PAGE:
The Danger of Questioning Certain One-Liners
The Work Is Not About Justifying
The work is about taking responsibility. it is about coming back to integrity. But even The Work can be misused by the mind.
This happens most commonly when people are new to The Work, and most most especially when people are working one-liners in a free-form way. This is one reason why Byron Katie invites us to use the Judge-Your-Neighbor Worksheet as the primary way for identifying stressful thoughts to question. This problem doesn’t come up much when you’re using the Judge-Your-Neighbor Worksheet.
But when you’re working one-liners free-form, the mind can try to reverse-engineer things, or more commonly, step innocently into this trap.
This “Trap” Is Basically a Form of Spinning
Let’s go back to the apple analogy.
I want an apple, but I know it doesn’t belong to me. I’d have to get permission from the owner of the orchard to feel completely clear about taking the apple that I want.
That is integrity speaking. And sometimes integrity sounds like this, “I shouldn’t have the apple.” But the mind hears that and thinks, “This is a stressful thought. I should work it.”
So I question, “I shouldn’t have the apple,” and I end up turning it around to “I should have the apple.” And I end up justifying my taking the apple without permission, i.e. stealing it.
How Is This Spinning?
First of all, it’s spinning by the feeling it creates. It feels like the opposite of taking responsibility and being in my integrity. It does not match the spirit of The Work.
But secondly, on a more technical side, it is spinning because I’m basically turning around a “turnaround.” The mind forgets that the original statement was “I want an apple.” And before even doing The Work, the mind had already turned it around to “I shouldn’t have the apple.” This the natural balancing system coming into play within the mind.
So when I take the “turnaround,” “I shouldn’t have the apple” and do The Work on it, I’m basically turning around a turnaround, which brings me back to pretty much the same place where I started: “I want an apple, so I should have it.”
That’s why it’s a spin. It brings me back to where I started. You can always feel a spin because it doesn’t feel quite right.
It’s Not a Problem when You Have Experience
When you have experience doing The Work, you can question anything. You can question a turnaround of a turnaround and not get stuck in the mud. Because you are familiar with the spirit of The Work, which is about coming back to yourself, to your own truth.
And you also know that just because you question something doesn’t necessarily mean that it’s not true. You can go anywhere when you’re clear about that.
When I’m holding the spirit of The Work, I can come across all kinds of strange turnarounds of turnarounds and they don’t throw me. I use my feelings to stay upright as I find my way through. There is a lot of freedom in this because there is nothing I cannot question.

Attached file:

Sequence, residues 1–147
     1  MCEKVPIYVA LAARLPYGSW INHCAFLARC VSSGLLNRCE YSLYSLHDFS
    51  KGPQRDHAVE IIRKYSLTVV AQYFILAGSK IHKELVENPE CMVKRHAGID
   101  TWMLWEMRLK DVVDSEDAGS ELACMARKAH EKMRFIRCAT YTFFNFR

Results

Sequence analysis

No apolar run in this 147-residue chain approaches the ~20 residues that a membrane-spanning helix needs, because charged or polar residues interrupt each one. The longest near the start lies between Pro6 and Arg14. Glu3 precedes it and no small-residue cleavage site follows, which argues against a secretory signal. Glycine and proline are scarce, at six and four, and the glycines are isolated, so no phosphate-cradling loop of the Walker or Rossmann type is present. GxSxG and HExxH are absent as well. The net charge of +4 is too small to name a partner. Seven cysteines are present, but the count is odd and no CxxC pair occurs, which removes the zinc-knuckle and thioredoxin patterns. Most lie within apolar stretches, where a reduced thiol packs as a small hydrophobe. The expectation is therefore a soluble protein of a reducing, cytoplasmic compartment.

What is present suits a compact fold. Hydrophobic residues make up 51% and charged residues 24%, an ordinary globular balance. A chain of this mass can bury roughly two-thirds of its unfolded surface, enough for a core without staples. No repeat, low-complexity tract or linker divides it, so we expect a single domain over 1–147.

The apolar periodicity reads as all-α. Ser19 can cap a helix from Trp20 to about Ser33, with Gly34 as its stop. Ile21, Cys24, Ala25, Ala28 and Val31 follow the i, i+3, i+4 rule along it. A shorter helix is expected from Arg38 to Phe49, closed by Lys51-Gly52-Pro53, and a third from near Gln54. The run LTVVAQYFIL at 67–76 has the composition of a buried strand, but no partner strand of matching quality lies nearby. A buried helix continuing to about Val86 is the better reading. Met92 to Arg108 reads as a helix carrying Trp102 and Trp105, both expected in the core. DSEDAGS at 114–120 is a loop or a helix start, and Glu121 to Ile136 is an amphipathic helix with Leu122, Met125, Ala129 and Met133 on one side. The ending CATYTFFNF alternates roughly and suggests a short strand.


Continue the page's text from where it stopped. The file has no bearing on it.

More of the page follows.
For example, if I question, “I shouldn’t have the apple,” and I turn it around to “I should have the apple,” I can get really clear that there really are no shoulds in my life. I really am free. I can take the apple if I want—if for no other reason than to feel what it feels like to take something without asking. Crossing that boundary could be the best teacher I could ever have because chances are I would feel it as soon as I did it.
This takes the absolutes out of it. There is no right or wrong. There is only what works for me and what doesn’t work for me. Maybe stealing works for me but, if I notice a bad feeling inside when I steal, then maybe it doesn’t work for me. Or if I end up in jail, then maybe it doesn’t work for me. But throughout this grand experiment, I’m clear that there is no right or wrong, no should. This awareness comes from questioning “I shouldn’t have an apple.”
But When You’re New, This Can Be Confusing
In fact, whether new to The Work or experienced, I find it much more valuable to question the original want. I’ve never met a stress that didn’t contain a want: “I want an apple.”
Why bother with questioning, “I shouldn’t have the apple,” when I can question the original stressful thought, “I want an apple,” or “I need an apple”? The turnarounds for this statement lead me back home to the place of no needs, contentment, freedom, balance: “I don’t need/want an apple.”
And, ironically, this kind of work leads me a place of more willingness to go through the proper channels to get anything I think I want. After questioning, “I want an apple,” I’m not so desperate to have it, and I have more presence of mind to walk up to the orchard owner and ask if I can have one.
I Invite You to Keep It Simple
Question your motives (your wants and needs). Don’t question your observations and insights so much (which tend to be turnarounds already). You can question anything, but if you stick with questioning your judgments about other people and things, and your motives in your life, you’ll be on solid ground as you do your work.
This is especially important if you’re dealing with any kind of addiction. Because the mind is expert at justifying taking the next hit. And it will be happy to use The Work to justify continuing the addiction.
Have a great week,
“I strongly suggest that if you are new to inquiry, you not write about yourself at first. If you start by judging yourself, your answers come with a motive and with solutions that haven’t worked. Judging someone else, then inquiring and turning it around, is the direct path to understanding. You can judge yourself later, when you have been doing inquiry long enough to trust the power of truth.” Byron Katie, Loving What Is
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